ignoreZeroValues:true. With this set to
true the mesh will not contain any triangles/points over pixels with 0 value. This can result in visual 'islands', so you may wany to add a small nonzero offset to areas of the map (e.g. inside a region border) to avoid these.
The opacity/transparency logic is a bit complex. If you supply your own opacity values image as alphaSrc (this image is treated the same as
src, ie. it will be StackBlurred, etc.) these will be used. Alpha values will be taken directly from this image, in the range 0-255, and not rescaled.
To use per-vertex opacity scaling, set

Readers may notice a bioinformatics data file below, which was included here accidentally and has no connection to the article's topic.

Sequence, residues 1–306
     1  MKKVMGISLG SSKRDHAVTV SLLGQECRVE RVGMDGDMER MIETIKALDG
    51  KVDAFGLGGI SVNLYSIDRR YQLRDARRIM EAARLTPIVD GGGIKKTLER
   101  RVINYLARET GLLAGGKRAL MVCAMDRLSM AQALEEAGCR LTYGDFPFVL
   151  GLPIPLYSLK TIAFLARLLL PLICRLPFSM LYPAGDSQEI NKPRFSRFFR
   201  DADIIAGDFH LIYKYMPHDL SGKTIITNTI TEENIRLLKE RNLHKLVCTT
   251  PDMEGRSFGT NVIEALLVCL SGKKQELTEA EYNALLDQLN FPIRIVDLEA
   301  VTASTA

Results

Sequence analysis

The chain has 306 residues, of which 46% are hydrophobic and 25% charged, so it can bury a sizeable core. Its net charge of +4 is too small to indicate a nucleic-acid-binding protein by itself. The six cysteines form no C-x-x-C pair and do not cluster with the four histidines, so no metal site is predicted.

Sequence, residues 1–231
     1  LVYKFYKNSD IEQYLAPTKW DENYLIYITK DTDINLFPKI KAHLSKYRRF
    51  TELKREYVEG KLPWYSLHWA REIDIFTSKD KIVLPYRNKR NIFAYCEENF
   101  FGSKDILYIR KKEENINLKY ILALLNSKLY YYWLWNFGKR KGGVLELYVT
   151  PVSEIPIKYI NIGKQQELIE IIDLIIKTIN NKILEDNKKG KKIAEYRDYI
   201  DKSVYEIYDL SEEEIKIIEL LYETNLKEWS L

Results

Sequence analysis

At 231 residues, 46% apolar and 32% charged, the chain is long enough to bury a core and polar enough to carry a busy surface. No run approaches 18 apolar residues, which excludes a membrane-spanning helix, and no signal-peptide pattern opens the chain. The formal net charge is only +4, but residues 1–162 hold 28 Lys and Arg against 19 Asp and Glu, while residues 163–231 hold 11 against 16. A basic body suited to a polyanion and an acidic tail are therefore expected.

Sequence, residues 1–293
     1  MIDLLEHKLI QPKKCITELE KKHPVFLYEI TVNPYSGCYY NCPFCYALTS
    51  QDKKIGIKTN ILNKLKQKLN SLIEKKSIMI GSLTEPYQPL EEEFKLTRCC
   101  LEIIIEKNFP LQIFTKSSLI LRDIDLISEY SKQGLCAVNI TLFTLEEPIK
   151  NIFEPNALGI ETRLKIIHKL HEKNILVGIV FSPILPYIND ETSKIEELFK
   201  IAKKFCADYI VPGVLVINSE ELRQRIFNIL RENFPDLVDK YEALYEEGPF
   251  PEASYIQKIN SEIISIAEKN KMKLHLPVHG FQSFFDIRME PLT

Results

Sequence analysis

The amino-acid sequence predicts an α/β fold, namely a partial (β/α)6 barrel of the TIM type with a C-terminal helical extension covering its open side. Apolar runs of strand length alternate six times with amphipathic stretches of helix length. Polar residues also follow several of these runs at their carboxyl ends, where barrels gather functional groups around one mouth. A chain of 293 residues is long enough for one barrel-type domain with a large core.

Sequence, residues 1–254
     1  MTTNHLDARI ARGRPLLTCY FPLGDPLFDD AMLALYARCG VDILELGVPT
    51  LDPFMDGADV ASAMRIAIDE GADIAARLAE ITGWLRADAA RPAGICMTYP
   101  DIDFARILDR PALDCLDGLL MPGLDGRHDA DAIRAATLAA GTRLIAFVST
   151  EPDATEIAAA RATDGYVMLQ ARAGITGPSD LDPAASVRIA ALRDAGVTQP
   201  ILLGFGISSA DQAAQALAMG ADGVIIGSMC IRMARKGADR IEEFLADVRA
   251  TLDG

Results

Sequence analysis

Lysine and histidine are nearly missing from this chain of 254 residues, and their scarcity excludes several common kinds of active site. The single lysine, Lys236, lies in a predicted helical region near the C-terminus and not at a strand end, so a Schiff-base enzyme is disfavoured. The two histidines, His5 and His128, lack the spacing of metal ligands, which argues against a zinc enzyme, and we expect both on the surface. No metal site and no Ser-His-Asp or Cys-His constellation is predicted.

scaleOpacity:true. This way you can make peaks more opaque and valleys more transparent. The min and max vertex opacity are controlled by
opacityMax, and the function used to scale pixel values to opacity alpha values is given by
scaleOpacity:true (the default) to set all vertices to use
opacityMin as their alpha value.
If you're using per-vertex opacity with a opacity scaling method other than "const" then the material will be a custom shader material that supports per-vertex opacity. But if you don't have different alpha value per vertex we can use a regular THREE material, so you can set
standard (default). The
blending attributes all apply to the selected material.
wireframe works as expected. Note that the mesh is quite tight-knit, so you may have to zoom in, provide a lower-resolution image, or change the
scale to see the wireframe nicely.